On Getting No Response to Queries, Licking Your Wounds, and Then Querying Again

About a week ago I received an email that made me tremble with excitement. Here’s how it began:

“Mr. Houck:

Thanks for your kind patience while we reviewed your submission. We’ve had a flood of submissions over the past year plus, and have been giving each one a fair reading.

I’m excited to let you know that we’re interested in publishing your book…”

(To read more, visit The Precariousness of Done.)

It was a thrilling, anxiety-provoking, life-changing moment that validated my years of lonely, hard work and briefly quieted the self-doubt that has always plagued me.

Throughout the writing process, I had become a better writer and believed in the book, but not so much in myself. And growing a thick skin was painful.

Three of my critical readers didn’t finish reading the manuscript. One that did had several “running quarrels” with me throughout, including “over written descriptive passages” and my shifting gears into “what seems to become a travel guide, thus confusing the point of view and the unity of the text, not to mention endangering the dramatic tension.” I could go on, but won’t.

After licking my wounds, I listened to their criticism, reworked the manuscript as I saw fit, and sent out my initial round of email queries in early September 2015.

October came and went. So did November and December.

I heard nothing.

But I still believed in the book. In myself, not so much.

So, after licking my wounds again, I spent the winter working on a new query letter, getting help with my approach, and re-re-retooling my manuscript. In April, I stepped well outside my comfort zone by attending my first writers’ conference and subjecting myself to live critiques of my submission during Slush Pile Live!

I survived and thrived, and then put what I had learned to good use.

Here’s the opening of the email queries I sent out in May:

“Dear [names omitted],

Ethan is bright yet painfully shy. A milk toast, he rarely stands up for himself, and when he manages to say no, he feels guilty or anxious. But when it comes to his passion—Spanish—he is an absolute and unflappable crack. His Castilian accent was honed while studying after high school in the Spanish town of Las Rozas. He has fond memories of living there, but not of his host mother, who called him a “profound retard,” or of his host father, who told him he was a “troglodyte” and then threw the teenager out of his apartment.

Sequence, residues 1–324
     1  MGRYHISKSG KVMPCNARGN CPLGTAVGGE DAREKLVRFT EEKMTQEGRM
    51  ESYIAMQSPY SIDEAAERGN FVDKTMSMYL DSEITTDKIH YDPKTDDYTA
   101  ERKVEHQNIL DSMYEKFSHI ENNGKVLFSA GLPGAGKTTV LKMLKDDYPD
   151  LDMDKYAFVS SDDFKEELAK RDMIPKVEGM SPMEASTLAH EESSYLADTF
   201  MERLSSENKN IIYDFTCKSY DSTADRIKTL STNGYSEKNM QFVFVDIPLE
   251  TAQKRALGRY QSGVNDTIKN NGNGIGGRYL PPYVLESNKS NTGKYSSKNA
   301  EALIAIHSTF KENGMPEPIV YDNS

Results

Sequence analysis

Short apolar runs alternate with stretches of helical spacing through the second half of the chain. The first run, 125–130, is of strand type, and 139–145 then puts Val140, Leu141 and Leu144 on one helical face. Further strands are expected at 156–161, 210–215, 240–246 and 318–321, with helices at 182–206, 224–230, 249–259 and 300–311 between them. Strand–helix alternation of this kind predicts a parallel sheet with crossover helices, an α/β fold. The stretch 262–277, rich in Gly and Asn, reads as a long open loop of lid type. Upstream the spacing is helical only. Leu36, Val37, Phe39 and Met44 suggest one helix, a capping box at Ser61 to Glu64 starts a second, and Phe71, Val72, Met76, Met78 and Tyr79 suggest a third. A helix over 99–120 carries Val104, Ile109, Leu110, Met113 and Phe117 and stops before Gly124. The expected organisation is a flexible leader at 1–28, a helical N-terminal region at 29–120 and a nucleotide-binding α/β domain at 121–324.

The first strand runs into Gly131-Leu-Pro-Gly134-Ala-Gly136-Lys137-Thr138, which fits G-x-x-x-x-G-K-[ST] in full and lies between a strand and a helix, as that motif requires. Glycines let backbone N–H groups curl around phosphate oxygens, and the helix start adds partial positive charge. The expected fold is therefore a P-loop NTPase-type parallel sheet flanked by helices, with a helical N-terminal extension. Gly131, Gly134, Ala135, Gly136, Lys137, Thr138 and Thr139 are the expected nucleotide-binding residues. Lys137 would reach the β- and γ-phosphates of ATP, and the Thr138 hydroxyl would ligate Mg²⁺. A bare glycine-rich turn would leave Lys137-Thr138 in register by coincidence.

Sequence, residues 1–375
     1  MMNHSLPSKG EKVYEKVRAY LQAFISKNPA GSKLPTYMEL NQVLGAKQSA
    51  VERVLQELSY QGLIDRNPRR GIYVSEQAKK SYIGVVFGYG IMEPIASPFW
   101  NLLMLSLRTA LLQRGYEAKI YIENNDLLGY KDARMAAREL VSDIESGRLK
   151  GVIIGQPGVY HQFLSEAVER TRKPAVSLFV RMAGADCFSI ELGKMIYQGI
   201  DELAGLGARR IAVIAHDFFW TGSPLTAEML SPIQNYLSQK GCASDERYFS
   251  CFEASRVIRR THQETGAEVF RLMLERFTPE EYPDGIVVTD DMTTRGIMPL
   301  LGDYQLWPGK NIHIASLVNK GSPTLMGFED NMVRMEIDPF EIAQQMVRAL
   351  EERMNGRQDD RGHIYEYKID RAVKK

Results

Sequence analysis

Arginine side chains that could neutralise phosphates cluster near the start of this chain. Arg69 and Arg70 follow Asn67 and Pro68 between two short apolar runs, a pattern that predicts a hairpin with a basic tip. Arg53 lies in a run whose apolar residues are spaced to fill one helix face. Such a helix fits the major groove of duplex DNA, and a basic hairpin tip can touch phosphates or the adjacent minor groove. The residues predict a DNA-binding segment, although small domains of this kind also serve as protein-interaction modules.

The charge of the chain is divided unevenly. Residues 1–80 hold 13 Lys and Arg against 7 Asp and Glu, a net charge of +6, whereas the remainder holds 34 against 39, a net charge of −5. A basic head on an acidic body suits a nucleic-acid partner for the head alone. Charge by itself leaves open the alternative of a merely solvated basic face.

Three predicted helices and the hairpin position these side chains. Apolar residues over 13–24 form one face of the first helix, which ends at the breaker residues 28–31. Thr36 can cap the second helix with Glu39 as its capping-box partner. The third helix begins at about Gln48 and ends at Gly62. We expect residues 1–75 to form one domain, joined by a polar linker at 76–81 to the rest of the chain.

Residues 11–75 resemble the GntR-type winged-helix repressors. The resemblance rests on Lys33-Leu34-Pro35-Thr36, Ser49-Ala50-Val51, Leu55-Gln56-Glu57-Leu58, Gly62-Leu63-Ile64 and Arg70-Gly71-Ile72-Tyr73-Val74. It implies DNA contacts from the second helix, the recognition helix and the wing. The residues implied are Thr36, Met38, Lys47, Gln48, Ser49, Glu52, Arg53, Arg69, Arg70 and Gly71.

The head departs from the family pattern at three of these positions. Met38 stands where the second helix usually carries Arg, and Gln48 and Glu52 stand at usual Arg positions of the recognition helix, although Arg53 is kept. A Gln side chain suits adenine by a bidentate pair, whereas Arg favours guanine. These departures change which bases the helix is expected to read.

My novel, The Precariousness of Done, opens years later, when Ethan, now in his twenties, has returned to Las Rozas to visit the family that took him in after his eviction. It’s early October. The town’s holding its annual fiestas—runnings of the bulls, bullfights, carnival, concerts, street vendors, pickpockets, and crowds of teenagers puffing on cigarettes.

And it’s been nearly two months since Ethan lost his natural mother…”

So I started waiting again, knowing my queries were better. But were they good…or good enough?

My wife and I spent the summer months packing moving trucks, selling the house, taking our son to and from lapidary arts school, and starting a new job, but the queries were never far from my mind. At least I got a few personal rejections.

And then that email came last week.

So stay tuned: I intend to take you, the followers of this blog, through the hard work ahead with me. I’m sure it, too, will be exciting and anxiety-provoking, and I hope my journey can be of use to you as you push toward your goal(s), especially if self-doubt is also your constant companion.

Maybe we can work on that together.

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